John Maclean August 1919
Source: “John Maclean in Dublin,” The Voice of Labour – Official Organ of the Irish Transport and General Workers Union, 2 August 1919, p. 5;
Transcribed: by Ted Crawford.
We had a rare pleasure last week in entertaining Mr. John MacLean, M.A., an honorary president of the Soviet Republics of Russia and Hungary, and Consul at Glasgow for the Russian Republic.
MacLean is not yet forty years of age. He has spent the past fifteen years working for Scottish Labour and has acquired a world-wide fame for the strength and vigour of his views, and consistence with which he has maintained them.
His war record is one sentence of five days’ imprisonment, one of three years’ penal servitude, and another of five years. His first term of penal servitude was ended by pressure from the Russian Revolutionary Government; the second because of the growing agitation for his release in British industrial centres, and the approach of the General Election, in which he was pitted against G.N. Barnes.
A reception to MacLean was held in Liberty Cafe, Eden Quay, on Monday; 21st ult., when he had the opportunity of exchanging views with representative people of various schools of thought in Irish Ireland. The public meeting advertised for the previous three days to be held in the Mansion House on 2nd ult. had to be held in the garden behind 42. Nth Gt. George’s Street – as the D.M.P. blockaded the Mansion House. The Socialist Party is not inclined to complain of the Castle’s interference in this case. John MacLean’s suppression will supply him with actual experience of normal British rule in Ireland, and he may be relied upon to point the moral to the many thousands of British workers whom he will address in the next few weeks.
Comrade Maclean was delighted to learn of the Shop Stewards Movement in No. 1 Branch I.T. & G.W.U, and on Wednesday night he responded to their invitation to address the fortnightly meeting.
In a powerful speech he recalled his association with Jim Larkin in the Belfast strike of 1907, from which he dates the uprising of Irish Labour. Men of all trades, and of all sects, then beseeched Larkin to organise them, but his hands were tied by the narrow craft basis of the National Union of Deck Labourers.
The O.B.U. idea preached in America, and accepted by Connolly, was forced on Irish Labour then. Since the start of the I.T. & G.W.U., the One Big Union has become victorious in Russia, and is sweeping Australia, Canada and U.S.
The craft union narrowness must be swept away. No more demarkation disputes. The O.B.U. was out to organise every man on the job. It did not ask how he came there. It saw that he got the pay and the conditions.
So long as capitalists take the responsibility for organising industry they must be prepared to find a place for every available man. If they could only provide the man with ten hours’ work every week, the employers must find him a full week’s wages.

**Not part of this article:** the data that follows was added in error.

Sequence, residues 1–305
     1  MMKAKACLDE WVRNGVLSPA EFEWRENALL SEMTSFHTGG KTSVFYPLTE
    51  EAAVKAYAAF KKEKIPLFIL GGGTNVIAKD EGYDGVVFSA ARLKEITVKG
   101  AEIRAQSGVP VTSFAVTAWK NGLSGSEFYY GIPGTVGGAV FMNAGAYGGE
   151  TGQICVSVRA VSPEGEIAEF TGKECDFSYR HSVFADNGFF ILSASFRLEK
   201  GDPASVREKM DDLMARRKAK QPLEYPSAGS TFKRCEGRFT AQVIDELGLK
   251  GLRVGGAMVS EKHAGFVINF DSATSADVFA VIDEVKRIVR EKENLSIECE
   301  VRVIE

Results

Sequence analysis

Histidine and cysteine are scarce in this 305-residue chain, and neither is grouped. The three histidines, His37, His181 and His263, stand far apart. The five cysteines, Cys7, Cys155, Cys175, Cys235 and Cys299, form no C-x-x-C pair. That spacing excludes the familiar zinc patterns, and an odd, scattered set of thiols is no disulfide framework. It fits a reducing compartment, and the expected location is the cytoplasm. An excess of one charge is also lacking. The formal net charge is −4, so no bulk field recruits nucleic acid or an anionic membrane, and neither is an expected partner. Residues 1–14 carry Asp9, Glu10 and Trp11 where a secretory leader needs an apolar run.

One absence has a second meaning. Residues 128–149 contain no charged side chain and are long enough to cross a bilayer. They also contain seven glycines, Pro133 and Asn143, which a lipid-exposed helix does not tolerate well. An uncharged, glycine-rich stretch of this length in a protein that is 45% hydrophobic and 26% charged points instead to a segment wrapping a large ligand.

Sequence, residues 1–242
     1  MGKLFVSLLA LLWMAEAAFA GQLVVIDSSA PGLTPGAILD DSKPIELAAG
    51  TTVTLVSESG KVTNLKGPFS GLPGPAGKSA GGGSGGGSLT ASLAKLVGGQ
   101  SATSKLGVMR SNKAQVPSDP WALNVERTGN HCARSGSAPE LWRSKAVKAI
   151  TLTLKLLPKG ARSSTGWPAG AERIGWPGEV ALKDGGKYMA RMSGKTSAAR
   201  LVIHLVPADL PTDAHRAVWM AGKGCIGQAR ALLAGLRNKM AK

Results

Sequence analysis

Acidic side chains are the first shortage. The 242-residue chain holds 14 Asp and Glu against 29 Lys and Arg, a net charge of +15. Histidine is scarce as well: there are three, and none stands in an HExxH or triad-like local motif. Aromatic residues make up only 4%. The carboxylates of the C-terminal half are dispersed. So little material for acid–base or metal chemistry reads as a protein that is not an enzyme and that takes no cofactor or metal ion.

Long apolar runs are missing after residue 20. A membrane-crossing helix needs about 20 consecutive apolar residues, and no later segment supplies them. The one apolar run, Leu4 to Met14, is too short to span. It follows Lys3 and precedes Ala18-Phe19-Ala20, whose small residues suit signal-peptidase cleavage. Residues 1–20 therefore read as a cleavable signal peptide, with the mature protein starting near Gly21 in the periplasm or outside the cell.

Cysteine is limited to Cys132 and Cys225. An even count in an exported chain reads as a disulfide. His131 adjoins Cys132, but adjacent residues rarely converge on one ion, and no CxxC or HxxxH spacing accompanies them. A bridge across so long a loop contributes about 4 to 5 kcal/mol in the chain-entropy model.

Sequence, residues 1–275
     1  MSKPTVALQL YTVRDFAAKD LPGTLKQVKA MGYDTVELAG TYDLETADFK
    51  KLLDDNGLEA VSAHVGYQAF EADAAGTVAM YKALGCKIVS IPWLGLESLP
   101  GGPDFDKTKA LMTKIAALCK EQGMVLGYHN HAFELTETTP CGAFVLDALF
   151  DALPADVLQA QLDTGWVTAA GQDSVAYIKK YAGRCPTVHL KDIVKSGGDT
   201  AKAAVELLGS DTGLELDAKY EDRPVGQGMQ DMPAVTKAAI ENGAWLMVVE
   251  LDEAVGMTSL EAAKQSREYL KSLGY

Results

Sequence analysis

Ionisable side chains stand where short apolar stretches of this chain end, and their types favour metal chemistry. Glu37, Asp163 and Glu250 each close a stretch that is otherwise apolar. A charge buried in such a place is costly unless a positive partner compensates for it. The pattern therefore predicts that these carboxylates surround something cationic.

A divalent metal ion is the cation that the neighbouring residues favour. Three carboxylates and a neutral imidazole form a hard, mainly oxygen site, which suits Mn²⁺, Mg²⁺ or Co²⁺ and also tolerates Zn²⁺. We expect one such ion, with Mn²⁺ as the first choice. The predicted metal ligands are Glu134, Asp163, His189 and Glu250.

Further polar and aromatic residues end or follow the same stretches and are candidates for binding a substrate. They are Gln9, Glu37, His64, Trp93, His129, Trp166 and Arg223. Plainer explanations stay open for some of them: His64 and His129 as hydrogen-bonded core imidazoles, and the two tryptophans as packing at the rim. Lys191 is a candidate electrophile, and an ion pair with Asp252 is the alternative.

It was the business of the Shop Stewards Committee to formulate the policy of the union “Let them adopt their programme, and see that it was carried out. Don’t leave it till Jim Larkin comes back. Don’t leave it to the officials. Make your own plans, fight your battle, and prepare for the next.
He wanted them to be an educational force, “Support the Connolly Memorial College, join the classes, and see that the men you represent do likewise.” In his classes in Glasgow, he had as students the keenest brains in the Trades Council and the shop Stewards Movement. As lecturer, he could explain the theories of action to them. It was their business to put the theories into practice. The Shop Stewards did not allow him to interfere with their workshop policy. If they thought he was stepping outside his province they gently pushed him aside. He liked that. It proved that his teaching of self-reliance by the man on the job was being put into practice.
The miners’ reform committees in Lanarkshire, Lancashire, Durham, and Yorkshire were modelled on the same lines as the Shop Stewards’ committees, They, too, had their programme; £1 a day, five days a week, and six hours a day.
The present Yorkshire strike was an attempt by the miners to save the community from a new tax of 6s. on ton. There was no shadow of need for higher prices. The Government wanted to divide the Community, consumers of coal against producers, artisans against miners. If the miners could be beaten, then Russia would be crushed, and the military forces kept there now would be made available for further service against Ireland.
The miners had to fight this issue, and he was glad they were making it a war against Capital. A few weeks ago Herbert Smith, the Yorkshire Miners’ Agent, told his Union members “You must choose between John MacLean and Herbert Smith.” Now, Herbert Smith had his back against the wall, fighting side by side with his men against the most cowardly and treacherous government that even England ever produced.
A resolution was adopted unanimously by the meeting for communication to the English miners, as follows:—
Recognising. that the Yorkshire miners are striking to save the consumers of coal from the British Government’s tax of 6s. per ton, this meeting of Dublin Shop Stewards sends its fraternal greetings and congratulations; and further requests John MacLean to convey to the miners of Durham our solidarity with them in the fight against capitalism.
Mr. MacLean left Ireland on Thursday en route for the Durham Miners’ Gala, held on 26th ult.
At the Shop Stewards’ meeting the Chairman, Peter Osborne, said he had learned with some concern that John MacLean had been told the Shop Stewards Committee at Liberty Hall was a fake, that the members did not choose the Shop Stewards who were appointed by the executive. He asked if there was one man present who was not chosen by the men in his own workshop. There were cries of “No, No,” “It’s a lie,” and thus one calculated falsehood was nailed.